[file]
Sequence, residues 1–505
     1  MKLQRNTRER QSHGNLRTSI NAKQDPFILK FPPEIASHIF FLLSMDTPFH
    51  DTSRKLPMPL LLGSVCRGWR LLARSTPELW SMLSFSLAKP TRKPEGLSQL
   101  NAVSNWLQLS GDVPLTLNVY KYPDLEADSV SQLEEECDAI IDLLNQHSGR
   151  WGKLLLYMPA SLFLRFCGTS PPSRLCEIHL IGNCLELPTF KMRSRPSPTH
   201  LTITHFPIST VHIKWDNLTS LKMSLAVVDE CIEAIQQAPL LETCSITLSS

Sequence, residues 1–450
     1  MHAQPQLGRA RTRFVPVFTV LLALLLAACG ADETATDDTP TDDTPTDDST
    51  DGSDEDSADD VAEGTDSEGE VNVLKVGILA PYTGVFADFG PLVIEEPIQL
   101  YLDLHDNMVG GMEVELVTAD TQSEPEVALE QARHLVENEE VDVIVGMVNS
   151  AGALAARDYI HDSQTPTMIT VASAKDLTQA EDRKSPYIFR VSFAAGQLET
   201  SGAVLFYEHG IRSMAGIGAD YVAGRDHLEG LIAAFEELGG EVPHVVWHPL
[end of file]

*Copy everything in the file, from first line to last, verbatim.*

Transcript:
Sequence, residues 1–505
     1  MKLQRNTRER QSHGNLRTSI NAKQDPFILK FPPEIASHIF FLLSMDTPFH
    51  DTSRKLPMPL LLGSVCRGWR LLARSTPELW SMLSFSLAKP TRKPEGLSQL
   101  NAVSNWLQLS GDVPLTLNVY KYPDLEADSV SQLEEECDAI IDLLNQHSGR
   151  WGKLLLYMPA SLFLRFCGTS PPSRLCEIHL IGNCLELPTF KMRSRPSPTH
   201  LTITHFPIST VHIKWDNLTS LKMSLAVVDE CIEAIQQAPL LETCSITLSS

Sequence, residues 1–450
     1  MHAQPQLGRA RTRFVPVFTV LLALLLAACG ADETATDDTP TDDTPTDDST
    51  DGSDEDSADD VAEGTDSEGE VNVLKVGILA PYTGVFADFG PLVIEEPIQL
   101  YLDLHDNMVG GMEVELVTAD TQSEPEVALE QARHLVENEE VDVIVGMVNS
   151  AGALAARDYI HDSQTPTMIT VASAKDLTQA EDRKSPYIFR VSFAAGQLET
   201  SGAVLFYEHG IRSMAGIGAD YVAGRDHLEG LIAAFEELGG EVPHVVWHPL